They weren’t all enslaved as a people, as they were in Egypt hundreds of years before, but they were quite obviously outsiders. And they were surrounded by a powerful people who wanted them to sing the joyous songs of their people. But it wasn’t an interest in culture that motivated them. You see, in the ancient world, when a nation was defeated and overtaken, it meant that nation’s god was weaker than the god of the victors. And so to sing their songs of victory and praise to God surrounded by and weaker than a people who worshipped the false god Marduk as god … it was like rubbing salt in their wounds. And although wars were and continue to be cruel, Babylon was famed for its cruelty. They were humiliated, shamed and disgraced, outraged by their treatment there. And down in V. 7, he wants vengeance on the Edomites too. The Edomites were the descendants of Esau, the oldest son of Isaac and brother of Jacob. They were related to the Jewish people. And yet, when they were in trouble, the Edomites, now a neighboring people, cheered Babylon on, asking them to destroy Jerusalem to its foundations, to make Jerusalem a ruin. How do we deal with our own outrage? How are we, as followers of Christ, supposed to deal with our own outrage?
We start by facing the wrongdoing and expressing our outrage. When we’re outraged, its typically because a real wrong has been done. Now remember, with anger there’s justified, legitimate anger and there’s unjustified, illegitimate anger. Our anger is justified when we really have been morally wronged in some way. But our anger isn’t justified when we THINK we’ve been wronged, but no moral wrong has been done to us. So it’s probably not legitimate anger when we get behind someone driving too slow. They might even be driving illegally, but they aren’t necessarily committing a moral error. There’s a difference between moral and legal.
The Psalmist does two things really well here: he refuses to sugarcoat the wrong that has been done to him and to his people, and he expresses his outrage. We can’t, and shouldn’t, sugarcoat things when a real wrong has been done. He names the wrong. And look at V. 1. “WE sat down and wept.” The people shared their sadness and outrage together. But they didn’t just share their outrage with one another. They also shared it with God. That’s what this Psalm is. It’s a prayer, and an expression of outrage to God.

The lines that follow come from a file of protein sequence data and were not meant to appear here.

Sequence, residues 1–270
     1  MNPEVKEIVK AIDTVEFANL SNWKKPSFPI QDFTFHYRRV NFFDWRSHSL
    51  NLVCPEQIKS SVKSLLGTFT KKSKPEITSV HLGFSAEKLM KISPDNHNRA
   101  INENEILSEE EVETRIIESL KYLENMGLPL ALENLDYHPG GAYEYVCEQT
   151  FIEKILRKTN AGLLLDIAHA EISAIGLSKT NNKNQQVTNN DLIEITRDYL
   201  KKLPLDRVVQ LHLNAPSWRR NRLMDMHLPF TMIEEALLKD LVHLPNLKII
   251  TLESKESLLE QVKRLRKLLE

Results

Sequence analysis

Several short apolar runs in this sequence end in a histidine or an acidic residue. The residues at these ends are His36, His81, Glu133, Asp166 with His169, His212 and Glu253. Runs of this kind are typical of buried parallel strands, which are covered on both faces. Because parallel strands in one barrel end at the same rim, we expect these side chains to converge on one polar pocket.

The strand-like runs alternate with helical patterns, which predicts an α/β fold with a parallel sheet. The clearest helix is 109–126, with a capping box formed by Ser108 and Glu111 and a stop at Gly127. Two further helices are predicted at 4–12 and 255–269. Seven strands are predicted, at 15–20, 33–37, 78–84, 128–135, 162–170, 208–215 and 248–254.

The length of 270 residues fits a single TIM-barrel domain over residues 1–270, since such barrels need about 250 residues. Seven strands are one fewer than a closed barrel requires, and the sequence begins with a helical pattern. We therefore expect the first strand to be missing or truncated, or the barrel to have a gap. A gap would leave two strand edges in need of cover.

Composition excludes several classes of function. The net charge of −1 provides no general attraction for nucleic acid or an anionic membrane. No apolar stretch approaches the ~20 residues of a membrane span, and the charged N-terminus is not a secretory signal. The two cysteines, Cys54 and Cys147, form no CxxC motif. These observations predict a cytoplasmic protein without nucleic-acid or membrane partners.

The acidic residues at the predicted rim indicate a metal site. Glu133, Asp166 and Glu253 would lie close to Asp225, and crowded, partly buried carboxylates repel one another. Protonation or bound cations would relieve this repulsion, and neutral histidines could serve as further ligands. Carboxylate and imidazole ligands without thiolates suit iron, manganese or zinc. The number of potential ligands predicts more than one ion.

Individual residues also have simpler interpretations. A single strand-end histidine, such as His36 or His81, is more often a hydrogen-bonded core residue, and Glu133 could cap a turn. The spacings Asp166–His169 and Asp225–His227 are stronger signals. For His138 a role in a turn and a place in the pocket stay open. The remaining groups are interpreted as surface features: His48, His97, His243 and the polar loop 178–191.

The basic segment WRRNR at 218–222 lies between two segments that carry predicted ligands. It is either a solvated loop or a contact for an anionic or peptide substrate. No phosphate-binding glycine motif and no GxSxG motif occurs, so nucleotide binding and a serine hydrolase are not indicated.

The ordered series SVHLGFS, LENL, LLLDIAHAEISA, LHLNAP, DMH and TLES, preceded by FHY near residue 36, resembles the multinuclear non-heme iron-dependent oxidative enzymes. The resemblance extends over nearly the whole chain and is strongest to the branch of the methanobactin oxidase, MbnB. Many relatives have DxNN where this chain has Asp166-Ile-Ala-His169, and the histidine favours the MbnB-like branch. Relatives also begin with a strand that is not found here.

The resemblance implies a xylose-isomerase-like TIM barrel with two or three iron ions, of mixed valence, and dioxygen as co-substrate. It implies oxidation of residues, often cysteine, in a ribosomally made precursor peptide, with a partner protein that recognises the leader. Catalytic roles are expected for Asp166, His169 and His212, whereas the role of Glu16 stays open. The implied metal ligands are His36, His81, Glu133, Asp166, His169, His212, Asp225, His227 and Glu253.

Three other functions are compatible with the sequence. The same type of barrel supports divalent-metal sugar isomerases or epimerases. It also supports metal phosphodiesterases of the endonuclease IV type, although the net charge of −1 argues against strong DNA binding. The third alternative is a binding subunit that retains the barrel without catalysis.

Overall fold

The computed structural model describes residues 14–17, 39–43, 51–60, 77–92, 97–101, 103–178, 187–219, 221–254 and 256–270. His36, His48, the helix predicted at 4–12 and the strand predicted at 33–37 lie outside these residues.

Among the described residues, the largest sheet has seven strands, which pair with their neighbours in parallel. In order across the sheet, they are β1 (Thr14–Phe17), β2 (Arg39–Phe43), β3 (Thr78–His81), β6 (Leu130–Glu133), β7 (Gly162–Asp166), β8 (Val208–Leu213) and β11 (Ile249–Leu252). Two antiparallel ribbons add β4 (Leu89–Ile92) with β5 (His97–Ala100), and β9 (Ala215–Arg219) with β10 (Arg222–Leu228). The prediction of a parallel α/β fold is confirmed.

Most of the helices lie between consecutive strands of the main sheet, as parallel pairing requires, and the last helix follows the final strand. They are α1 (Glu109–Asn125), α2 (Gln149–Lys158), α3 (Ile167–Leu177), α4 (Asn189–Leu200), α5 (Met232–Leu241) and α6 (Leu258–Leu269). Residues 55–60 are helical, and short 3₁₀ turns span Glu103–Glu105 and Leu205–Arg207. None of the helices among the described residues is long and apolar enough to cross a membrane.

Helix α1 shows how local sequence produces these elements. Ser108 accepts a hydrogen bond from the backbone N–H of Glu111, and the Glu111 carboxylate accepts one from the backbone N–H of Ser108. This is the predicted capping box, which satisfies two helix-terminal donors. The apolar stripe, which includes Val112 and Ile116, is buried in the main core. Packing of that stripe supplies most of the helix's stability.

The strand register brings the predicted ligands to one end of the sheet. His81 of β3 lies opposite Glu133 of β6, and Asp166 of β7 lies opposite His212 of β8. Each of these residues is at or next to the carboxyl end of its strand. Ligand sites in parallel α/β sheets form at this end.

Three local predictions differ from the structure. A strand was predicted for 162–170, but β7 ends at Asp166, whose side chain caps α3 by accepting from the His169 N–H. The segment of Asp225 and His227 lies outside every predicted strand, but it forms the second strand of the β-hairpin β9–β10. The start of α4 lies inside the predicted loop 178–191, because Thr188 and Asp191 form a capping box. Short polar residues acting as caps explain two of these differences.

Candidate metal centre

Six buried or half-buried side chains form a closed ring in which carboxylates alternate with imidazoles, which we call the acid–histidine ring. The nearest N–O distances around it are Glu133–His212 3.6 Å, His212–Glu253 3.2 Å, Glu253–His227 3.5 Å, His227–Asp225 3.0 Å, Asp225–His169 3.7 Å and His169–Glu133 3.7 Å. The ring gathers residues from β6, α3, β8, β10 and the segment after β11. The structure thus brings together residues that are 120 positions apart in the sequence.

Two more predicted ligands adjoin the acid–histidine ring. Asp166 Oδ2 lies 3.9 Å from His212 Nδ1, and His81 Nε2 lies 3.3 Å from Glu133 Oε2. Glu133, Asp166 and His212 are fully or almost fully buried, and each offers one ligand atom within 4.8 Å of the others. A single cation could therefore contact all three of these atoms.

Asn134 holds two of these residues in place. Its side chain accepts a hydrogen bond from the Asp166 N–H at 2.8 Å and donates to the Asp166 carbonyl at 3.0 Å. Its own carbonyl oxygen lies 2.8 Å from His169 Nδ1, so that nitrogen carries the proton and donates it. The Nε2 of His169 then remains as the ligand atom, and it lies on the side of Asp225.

But we don’t stop there. As children of God, we resist the power and activity of evil. Look at V. 2. They hung their lyres up in the trees. In other words, when their captors tried to either force them to sing or asked them to sing, they refused. This is active resistance. Wrongdoing requires at least one wrong doer, and as children of God we are to resist the powers of evil in our world, both personal evil and those evils that operate at a cultural level … the -isms that we know of … racism, sexism, classism. Legitimate injustice in all of its forms. And we can each do that within our own spheres of influence. Some of us have more influence at the community and cultural levels than others, but every human being alive has influence somewhere.
For starters, we each have the right to influence our own hearts and minds. So we are to seek out and seek to destroy sin and evil in our own lives as we become aware of it. With David we pray “Search me, O God, and know my heart! Try me and know my thoughts! And see if there be any grievous way in me, and lead me in the way everlasting!” (Ps. 139: 23-24). That includes my own responses to injustice, my own outrage.
This story ran in a British and then an Australian newspaper: Taking away electronics is a common parental punishment, but this mother decided to take it one step further—and shoot up her children’s iPhones with a rifle. “I hereby denounce the effects that social media have on my children,” the mom shouts at the beginning of a YouTube video, a gun in her hand. “Their disobedience and their disrespect.” She then points the gun and the camera moves to reveal that she’s not about to shoot a pheasant or a bottle, but is aiming straight for an iPhone perched on a tree trunk. With perfect aim she blows the smartphone to smithereens, as its pieces go flying into the grass. “I also take back my role as parent to my children,” she then yells … She then blows the remnants of the iPhone to bits, once again hitting it on her first shot. “My children’s lives are more important to me,” she begins, as the camera reveals she is standing over the iPhones with a sledgehammer, “than any electronic on this earth.” She then hammers the remaining pieces a few times, her dog watching, before screaming: “I’m done!” And with that, she drops the hammer and walks away.[i]
Okay, so maybe not the best way to express your outrage. I could have shown you the video, but as you can imagine it has quite a bit of language in it. We have to be willing to allow God to shine his light on the recesses of our own hearts. Is my anger here legitimate, or not? And I cannot answer that question for you. You cannot answer it for me. We have to be willing to allow God to show us things in our own hearts that we might not want to see, things we might deny are there. And we’re also to stand against evil and injustice, in our legitimate outrage, in this world. Sometimes we are able to stand with others and create change at a community level, or even higher. At other times, we seek to help change things for someone we see being treated unjustly, as this man did. SHOW VIDEO.
Then we turn the situation, and the people involved, over to God and justice and wrath. The wrath of God isn’t something we’re comfortable talking about, but its what the Psalmist is banking on. Unlike human wrath, which tends to be both explosive and unpredictable, God’s wrath is God’s fixed orientation toward evil, toward injustice, toward sin. Injustice and sin and oppression of every kind, the things that cause outrage to dwell up within us, WILL be dealt with. It will be punished. The Psalmist is asking that those who have perpetrated these unjust acts against him and against his people receive the same treatment from him.